opposition to fluoridation. He talked at public forums in various states. He wrote letters to many newspapers, printed and mimeographed pamphlets containing his views and circulated them among newspapers and magazines throughout the United States. One of his letters was published in the Congressional Record. While in the military service in Germany, he wrote a letter to the mayor of the City of Kassel, Germany which had begun to use fluoridation, offering to go to that city to speak against and present his arguments on the harmful effects of fluoridation.

On December 3, 1954 the plaintiff requested his army associate, Dr. Charles W. Yeates, to write the following letter to the defendant:

"3 December 1954

American Dental Association

Bureau of Public Information

222 East Superior Street

Chicago 11, Ill.

Gentlemen:

From time to time the name of Dr. Robert J. H. Mick has come to my attention as being one of those apparently violently against fluoridation. I have read charges that he has made against our American Dental Association and certain members thereof, the American Medical Association, the United States Public Health Service and certain members thereof. I understand that he has made such accusations over the radio and television also.

I do not believe he is aiding much in the cause of fluoridation.

Is he a member in good standing in the American Dental Association? Do you know anything about him that could be used to discredit him? What is your opinion or answer to the accusations?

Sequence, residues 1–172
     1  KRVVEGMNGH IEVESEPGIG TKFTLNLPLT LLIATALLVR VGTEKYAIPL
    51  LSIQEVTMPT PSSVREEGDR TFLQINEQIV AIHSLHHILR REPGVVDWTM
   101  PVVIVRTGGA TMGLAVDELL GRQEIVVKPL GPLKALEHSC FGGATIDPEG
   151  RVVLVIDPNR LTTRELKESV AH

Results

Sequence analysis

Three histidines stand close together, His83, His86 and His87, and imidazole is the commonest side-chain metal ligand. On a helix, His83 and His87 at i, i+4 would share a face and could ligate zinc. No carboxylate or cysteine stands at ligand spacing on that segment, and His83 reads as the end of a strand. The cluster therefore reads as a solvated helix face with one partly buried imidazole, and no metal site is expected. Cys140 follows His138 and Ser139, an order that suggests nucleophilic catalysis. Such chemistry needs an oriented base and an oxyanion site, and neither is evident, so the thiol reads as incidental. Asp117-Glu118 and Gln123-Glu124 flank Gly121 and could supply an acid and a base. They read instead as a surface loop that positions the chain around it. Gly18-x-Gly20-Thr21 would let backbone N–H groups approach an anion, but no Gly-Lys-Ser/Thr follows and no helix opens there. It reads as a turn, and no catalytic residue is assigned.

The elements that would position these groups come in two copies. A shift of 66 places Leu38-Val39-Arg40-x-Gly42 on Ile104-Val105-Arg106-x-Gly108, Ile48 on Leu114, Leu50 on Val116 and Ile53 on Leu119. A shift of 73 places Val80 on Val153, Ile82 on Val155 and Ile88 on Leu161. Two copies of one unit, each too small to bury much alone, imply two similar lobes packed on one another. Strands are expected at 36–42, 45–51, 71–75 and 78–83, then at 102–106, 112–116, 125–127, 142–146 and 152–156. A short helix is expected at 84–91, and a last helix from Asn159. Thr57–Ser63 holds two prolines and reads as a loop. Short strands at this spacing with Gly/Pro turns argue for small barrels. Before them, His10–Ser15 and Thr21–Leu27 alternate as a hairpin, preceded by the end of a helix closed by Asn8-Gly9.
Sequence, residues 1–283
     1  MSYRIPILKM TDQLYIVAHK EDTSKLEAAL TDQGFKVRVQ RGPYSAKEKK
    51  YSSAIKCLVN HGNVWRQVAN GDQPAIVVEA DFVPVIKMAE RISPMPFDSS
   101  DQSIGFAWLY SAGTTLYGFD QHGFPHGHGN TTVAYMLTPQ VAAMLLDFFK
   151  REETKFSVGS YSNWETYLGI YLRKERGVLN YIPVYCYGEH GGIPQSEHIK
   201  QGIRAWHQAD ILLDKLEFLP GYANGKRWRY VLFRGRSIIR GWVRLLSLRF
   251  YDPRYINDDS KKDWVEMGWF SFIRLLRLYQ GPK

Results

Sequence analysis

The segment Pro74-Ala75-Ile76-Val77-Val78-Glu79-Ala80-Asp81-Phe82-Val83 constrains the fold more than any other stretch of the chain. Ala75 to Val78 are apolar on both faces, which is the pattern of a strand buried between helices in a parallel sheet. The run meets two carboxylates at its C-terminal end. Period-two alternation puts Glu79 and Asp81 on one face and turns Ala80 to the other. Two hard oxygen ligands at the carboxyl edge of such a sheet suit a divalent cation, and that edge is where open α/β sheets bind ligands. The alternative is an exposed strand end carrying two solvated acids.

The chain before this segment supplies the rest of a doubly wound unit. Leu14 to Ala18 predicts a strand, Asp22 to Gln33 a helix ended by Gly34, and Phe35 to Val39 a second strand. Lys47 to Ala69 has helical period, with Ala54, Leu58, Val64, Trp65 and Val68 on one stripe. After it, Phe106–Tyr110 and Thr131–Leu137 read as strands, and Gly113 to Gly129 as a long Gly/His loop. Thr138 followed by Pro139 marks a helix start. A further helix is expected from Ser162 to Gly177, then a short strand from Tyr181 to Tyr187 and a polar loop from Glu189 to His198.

If he is wrong -- what can be done to prevent his further connection with the American Dental Association and his accusations of fluoridation and the members of the American Dental Association and sponsoring same?

Could charges be brought against him?

Awaiting your answer as I need any suggestions that you may have,

Sincerely,

Charles W. Yeates

Major DC

5th General Hospital

APO 154, N.Y., N.Y."

Plaintiff acknowledged that the foregoing letter was sent by Dr. Yeates at his request evidenced by the following notation in his handwriting on the copy of the letter:

"27, January 1955 -- Above was sent at my request and with my knowledge. (Signed) Robert J. H. Mick."

Dr. Mick testified that he had read that the Bureau of Public Information of the American Dental Association had invited inquiries with respect to the opposition to fluoridation and he requested Dr. Yeates to write the letter because he "was always being kidded [by all his associates] about being opposed to fluoridation * * *" "I had been so active in opposing fluoridation in the Army and before I went into the Service, I wondered if they had anything on me. It was curiosity."

The following reply letter is plaintiff's primary basis for this suit.

"December 21, 1954.

Major Charles W. Yeates, DC

5th General Hospital

APO 154

New York, New York.

Dear Major Yeates:

This is in reply to your registered letter of December 3 addressed to the American Dental Association in which you make ...